When does easy bruising indicate a more serious problem?

Easy bruising sometimes indicates a serious underlying condition, such as a blood-clotting problem or a blood disease. See your doctor if you:

  • Have frequent, large bruises, especially if your bruises appear on your trunk, back or face, or seem to develop for no known reasons
  • Have easy bruising and a history of significant bleeding, such as during a surgical procedure
  • Suddenly begin bruising, especially if you recently started a new medication
  • Have a family history of easy bruising or bleeding

These signs and symptoms can indicate:

  • Low levels of the blood components that help it clot after injury (platelets)
  • Abnormally functioning platelets
  • Problems with proteins that help the blood clot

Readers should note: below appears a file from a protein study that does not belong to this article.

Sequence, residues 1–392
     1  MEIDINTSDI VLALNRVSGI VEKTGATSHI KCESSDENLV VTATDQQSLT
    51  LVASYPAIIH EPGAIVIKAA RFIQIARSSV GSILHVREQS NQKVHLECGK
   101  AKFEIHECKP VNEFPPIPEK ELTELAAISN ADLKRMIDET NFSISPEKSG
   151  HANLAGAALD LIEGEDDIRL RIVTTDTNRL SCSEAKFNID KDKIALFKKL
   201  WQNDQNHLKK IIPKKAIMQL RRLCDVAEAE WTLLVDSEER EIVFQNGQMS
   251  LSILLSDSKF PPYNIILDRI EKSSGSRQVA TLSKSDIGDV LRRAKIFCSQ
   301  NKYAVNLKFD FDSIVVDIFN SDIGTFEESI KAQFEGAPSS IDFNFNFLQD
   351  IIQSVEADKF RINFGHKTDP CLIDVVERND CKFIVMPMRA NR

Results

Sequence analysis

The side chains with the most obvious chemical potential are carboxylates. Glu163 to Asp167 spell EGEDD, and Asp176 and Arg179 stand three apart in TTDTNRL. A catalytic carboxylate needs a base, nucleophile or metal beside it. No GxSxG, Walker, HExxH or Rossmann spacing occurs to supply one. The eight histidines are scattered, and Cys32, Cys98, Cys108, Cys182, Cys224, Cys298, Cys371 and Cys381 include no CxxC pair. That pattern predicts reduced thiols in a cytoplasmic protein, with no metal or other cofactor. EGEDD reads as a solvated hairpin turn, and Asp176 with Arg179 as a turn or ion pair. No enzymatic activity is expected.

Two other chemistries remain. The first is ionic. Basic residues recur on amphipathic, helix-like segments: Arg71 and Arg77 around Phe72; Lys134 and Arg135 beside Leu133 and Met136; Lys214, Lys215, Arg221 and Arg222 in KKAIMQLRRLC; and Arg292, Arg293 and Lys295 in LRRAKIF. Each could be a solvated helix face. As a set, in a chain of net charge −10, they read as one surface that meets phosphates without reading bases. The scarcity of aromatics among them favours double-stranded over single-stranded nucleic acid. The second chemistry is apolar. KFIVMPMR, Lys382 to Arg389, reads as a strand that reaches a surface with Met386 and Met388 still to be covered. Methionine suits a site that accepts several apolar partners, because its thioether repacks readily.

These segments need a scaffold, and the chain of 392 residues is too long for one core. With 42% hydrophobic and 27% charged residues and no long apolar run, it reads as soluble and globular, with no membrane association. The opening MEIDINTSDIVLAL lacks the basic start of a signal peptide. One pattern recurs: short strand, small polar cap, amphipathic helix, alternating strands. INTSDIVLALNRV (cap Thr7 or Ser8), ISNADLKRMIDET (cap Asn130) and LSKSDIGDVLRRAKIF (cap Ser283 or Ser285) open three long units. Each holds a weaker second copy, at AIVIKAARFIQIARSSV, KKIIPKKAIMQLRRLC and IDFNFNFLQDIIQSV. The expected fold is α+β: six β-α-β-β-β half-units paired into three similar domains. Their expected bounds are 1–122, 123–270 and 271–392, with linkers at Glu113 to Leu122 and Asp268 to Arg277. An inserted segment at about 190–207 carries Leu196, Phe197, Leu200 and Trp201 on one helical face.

To find the cause of your bruising, your doctor might check your blood platelet levels or do tests that measure the time it takes your blood to clot.

Other serious causes of bruising include domestic violence or abuse. If a loved one has an unexplainable bruise, particularly in an unusual location such as on the face, be aware of the possibility of abuse.

How can I prevent or treat bruises?

To prevent minor bruising, take steps to avoiding falling:

  • Use good lighting in your home.
  • Avoid clutter and throw rugs, especially on stairs.
  • Arrange furniture and electrical cords so that they're not in your way when you walk.
  • Find out about the side effects of medications you take. Tell your doctor or pharmacist if a medication makes you dizzy or sleepy.
  • Have your vision and hearing tested. Even small changes in sight or hearing can cause you to fall.

Unfortunately, once a bruise has formed, not much can be done to treat it. Most bruises eventually disappear as your body reabsorbs the blood, although healing might take longer as you age. It might help to elevate the affected area and apply ice.

March 04, 2017 See more In-depth